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Old 05-23-2019, 04:45 PM   #52
Join Date: May 2000
Posts: 15,595
Default Re: HOT DOCS-Lightfoot documentary - interviews/photos/articles-Apr.-2019

Where Joni Mitchell and Neil Young left the country early in their career, Lightfoot stayed in Canada. He became the home team. Mitchell wrote Help Me, Young wrote Helpless, and Captain Canada, the canoe-tripping troubadour, wrote Carefree Highway and record-setting alimony cheques.

But when asked if the demands asked of Lightfoot were unreasonable, Finkelstein waved off the premise. “I’m not sure being a millionaire songwriter was ever all that hard,” he said. “These artists get a lot of phone calls, but I don’t think any of them are going to say it’s upsetting. The only complaints from them I ever heard backstage were about the cold-cut platters.”

Seated on the other side of me at the screening was Bruce Good, a musician who has known Lightfoot since the late and 1960s and who had a more sympathetic understanding of the pressures Lightfoot faced and still faces. “He realized people wanted a piece of him,” said Good, featured in the film, speaking about how Lightfoot’s wistful 1968 toe-tapper Did She Mention My Name makes his eyes well up to this day.

As part of the seminal Canadian folk-rock group the Good Brothers, Good has faced some of the pressures that Lightfoot does, though on a much smaller scale. “If I’m walking through a crowd of people at a concert, I put the blinders on, because I know if I make eye contact, they’re going to ask me something or want something. I can hardly imagine what it’s like to be Gordon Lightfoot.”

What it is to like be Lightfoot is to be asked of constantly. “Here comes mister cool along the walk of fame, I was in demand, always in control,” Lightfoot sang on 1998′s autobiographical single A Painter Passing Through. “The world was in my hands, my touch had turned to gold.”

Back in the 1970s, when the Sometimes When We Touch star Dan Hill needed a Learjet in the middle of the night in Moncton, he called Lightfoot.

After an indie-rock band recorded Lightfoot’s Great Lakes standard The Wreck of the Edmund Fitzgerald, one of the band’s musicians got upset when Lightfoot refused to recognize the cover version and accused him of lifting the song’s melody.

In 1966, with Canada’s centenary approaching, CBC needed an instant folk classic that captured the glory of the country’s spike-driven origins. Fuelled by coffee, cigarettes and a fat commission, Lightfoot wrote Canadian Railroad Trilogy in three days.

That same year, at a summer post-show party in Toronto, the star Canadian folkie Ian Tyson approached his friend Lightfoot at four in the morning. Earlier in the evening, Lightfoot had a introduced a new song to a crowd at the Riverboat coffee house.

“It’s a good one, Gordon,” Tyson said to Lightfoot at the after-party. “What it’s called?” Informed the song was Go My Way, Tyson made a request. I’d like to hear it again. Why don’t you go and get your old guitar and play it for me?”

A sleep-deprived Lightfoot acquiesced. There was no end to the requests made upon him.

A young John Macfarlane, who would go on to serve as editor of Toronto Life and the Walrus, was a music writer for The Globe in the 1960s. He was at the party where Lightfoot played for Tyson, and included the story about it in a Globe profile, one of the first major Lightfoot features ever published. “It struck me as an important Canadian moment,” Macfarlane recalled recently.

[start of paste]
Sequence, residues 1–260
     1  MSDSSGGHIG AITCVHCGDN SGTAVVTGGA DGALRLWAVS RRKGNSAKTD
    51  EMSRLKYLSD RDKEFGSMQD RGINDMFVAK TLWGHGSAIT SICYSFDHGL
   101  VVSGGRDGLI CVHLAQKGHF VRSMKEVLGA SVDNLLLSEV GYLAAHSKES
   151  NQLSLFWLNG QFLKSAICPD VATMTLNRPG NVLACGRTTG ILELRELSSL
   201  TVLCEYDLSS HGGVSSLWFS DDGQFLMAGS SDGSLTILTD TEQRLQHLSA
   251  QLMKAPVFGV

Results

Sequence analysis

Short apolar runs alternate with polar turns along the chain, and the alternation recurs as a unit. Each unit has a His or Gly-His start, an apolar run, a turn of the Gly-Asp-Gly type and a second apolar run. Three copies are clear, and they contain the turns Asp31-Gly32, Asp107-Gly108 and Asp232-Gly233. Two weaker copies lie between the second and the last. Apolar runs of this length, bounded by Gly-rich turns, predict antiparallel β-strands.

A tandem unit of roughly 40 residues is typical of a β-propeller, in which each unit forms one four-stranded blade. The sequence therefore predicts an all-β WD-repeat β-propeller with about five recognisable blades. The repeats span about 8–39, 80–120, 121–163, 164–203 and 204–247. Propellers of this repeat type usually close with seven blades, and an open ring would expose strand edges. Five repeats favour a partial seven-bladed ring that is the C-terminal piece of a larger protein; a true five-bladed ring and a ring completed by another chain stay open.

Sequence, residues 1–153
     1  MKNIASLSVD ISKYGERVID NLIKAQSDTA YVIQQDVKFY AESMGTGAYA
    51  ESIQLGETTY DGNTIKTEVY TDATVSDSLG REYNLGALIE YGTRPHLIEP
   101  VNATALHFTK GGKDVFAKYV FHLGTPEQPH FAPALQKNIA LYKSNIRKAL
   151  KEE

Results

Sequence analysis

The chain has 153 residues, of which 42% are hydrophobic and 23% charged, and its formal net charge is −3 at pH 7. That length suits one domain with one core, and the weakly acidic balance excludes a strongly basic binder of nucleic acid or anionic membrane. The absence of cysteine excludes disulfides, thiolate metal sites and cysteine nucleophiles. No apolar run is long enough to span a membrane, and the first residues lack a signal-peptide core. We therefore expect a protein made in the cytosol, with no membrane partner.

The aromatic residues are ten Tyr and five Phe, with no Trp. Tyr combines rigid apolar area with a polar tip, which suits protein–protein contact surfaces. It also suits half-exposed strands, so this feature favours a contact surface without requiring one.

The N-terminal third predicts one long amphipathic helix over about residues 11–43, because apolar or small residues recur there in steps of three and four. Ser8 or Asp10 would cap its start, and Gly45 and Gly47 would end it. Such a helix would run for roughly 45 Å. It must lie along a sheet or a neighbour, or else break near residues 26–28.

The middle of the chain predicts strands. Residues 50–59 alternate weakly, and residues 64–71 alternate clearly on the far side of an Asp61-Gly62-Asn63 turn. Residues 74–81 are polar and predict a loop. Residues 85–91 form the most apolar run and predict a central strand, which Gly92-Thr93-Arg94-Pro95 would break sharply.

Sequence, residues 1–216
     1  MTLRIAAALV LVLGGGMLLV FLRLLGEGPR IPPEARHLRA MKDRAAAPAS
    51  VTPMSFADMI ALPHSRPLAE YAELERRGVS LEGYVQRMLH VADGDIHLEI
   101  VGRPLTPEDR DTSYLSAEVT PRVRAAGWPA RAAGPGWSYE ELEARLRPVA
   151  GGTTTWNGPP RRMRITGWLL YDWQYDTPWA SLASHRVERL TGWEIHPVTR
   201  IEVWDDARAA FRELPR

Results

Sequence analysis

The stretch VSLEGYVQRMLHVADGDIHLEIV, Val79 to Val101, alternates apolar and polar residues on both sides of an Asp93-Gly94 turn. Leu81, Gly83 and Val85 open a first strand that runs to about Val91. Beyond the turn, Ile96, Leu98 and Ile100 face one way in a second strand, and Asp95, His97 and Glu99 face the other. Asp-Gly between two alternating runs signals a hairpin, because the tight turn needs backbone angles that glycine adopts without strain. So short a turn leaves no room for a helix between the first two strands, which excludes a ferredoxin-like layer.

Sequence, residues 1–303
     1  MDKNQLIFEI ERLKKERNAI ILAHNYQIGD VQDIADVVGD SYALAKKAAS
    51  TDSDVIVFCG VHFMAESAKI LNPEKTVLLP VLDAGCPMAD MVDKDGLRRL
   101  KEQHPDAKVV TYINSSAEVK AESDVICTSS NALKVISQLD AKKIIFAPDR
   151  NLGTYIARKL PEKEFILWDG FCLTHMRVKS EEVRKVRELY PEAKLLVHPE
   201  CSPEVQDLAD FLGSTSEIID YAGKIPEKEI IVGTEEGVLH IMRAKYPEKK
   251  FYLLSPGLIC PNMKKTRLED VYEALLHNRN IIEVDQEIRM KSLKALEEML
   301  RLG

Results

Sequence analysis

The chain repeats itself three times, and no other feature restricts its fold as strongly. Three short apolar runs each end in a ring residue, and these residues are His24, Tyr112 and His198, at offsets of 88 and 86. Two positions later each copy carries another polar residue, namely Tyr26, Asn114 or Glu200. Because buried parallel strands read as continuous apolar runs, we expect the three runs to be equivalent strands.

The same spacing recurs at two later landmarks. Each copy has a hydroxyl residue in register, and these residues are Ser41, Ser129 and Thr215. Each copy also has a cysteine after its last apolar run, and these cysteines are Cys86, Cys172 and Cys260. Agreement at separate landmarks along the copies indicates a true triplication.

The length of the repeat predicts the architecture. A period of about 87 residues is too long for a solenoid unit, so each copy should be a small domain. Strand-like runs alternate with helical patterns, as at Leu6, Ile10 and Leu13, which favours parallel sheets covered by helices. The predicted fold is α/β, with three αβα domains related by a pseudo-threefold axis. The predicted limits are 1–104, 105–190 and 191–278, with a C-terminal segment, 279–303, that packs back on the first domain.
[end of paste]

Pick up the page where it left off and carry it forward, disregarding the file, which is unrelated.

In Macfarlane’s interview with Lightfoot, the 27-year-old songwriter described himself as a “cosmopolitan hick” and a “country boy, doin’ the best I can.” As if he were a rube – or worse, a John Denver.

“I think that was a glib way of shutting down any further discussion,” said Macfarlane, who back then almost rented an apartment in the three-story home Lightfoot shared with his wife, before the couple wisely decided against sharing a house with a journalist. “He was learning how to deal with incursions into his psyche, which were not welcome. He was a working man, and his work was music.”

Indeed, sit-downs these days with Lightfoot rarely result in much reflection. However, when asked about new songs, the songwriter (who hasn’t put an album of fresh material since 2004’s Harmony) gleefully pops out of his chair to retrieve the lyric sheets to a couple of unrecorded songs he’s been working on for a new album. One of them is called The Laughter We Seek. The other one has the line, “I’ve got one too many women in my life.”

Lightfoot crows about the latter song: “How’s that for an idea, eh? Now, how would I come up with something like that?”

When it is suggested that a song about one woman too many would seem to be in the vein of For Lovin’ Me, the kind which he said he’d never write again, Lightfoot is quick to protest. “No, it’s not!” he says quickly. “That was a hurtful song. This is not hurtful. This is whimsy, you see?”

After the interview, we stand in his vaulted front hall, where some of the cast fixtures look out of place. Turns out Lightfoot had salvaged the pieces from the Rosedale mansion where he once played host to Bob Dylan, Ramblin’ Jack Elliott and all the others. “I didn’t want to leave that house," Lightfoot laments. So, why did he? “It was my former wife’s idea, to get away from downtown distractions.”

When asked if he’ll play the first concert at Massey Hall when the venue, currently undergoing extensive renovations, re-opens next year, Lightfoot eyes brighten. “I don’t want to hog the stage,” he says. “But if they want me to do it, I’ll be there.”

Lightfoot obliges, as he does.
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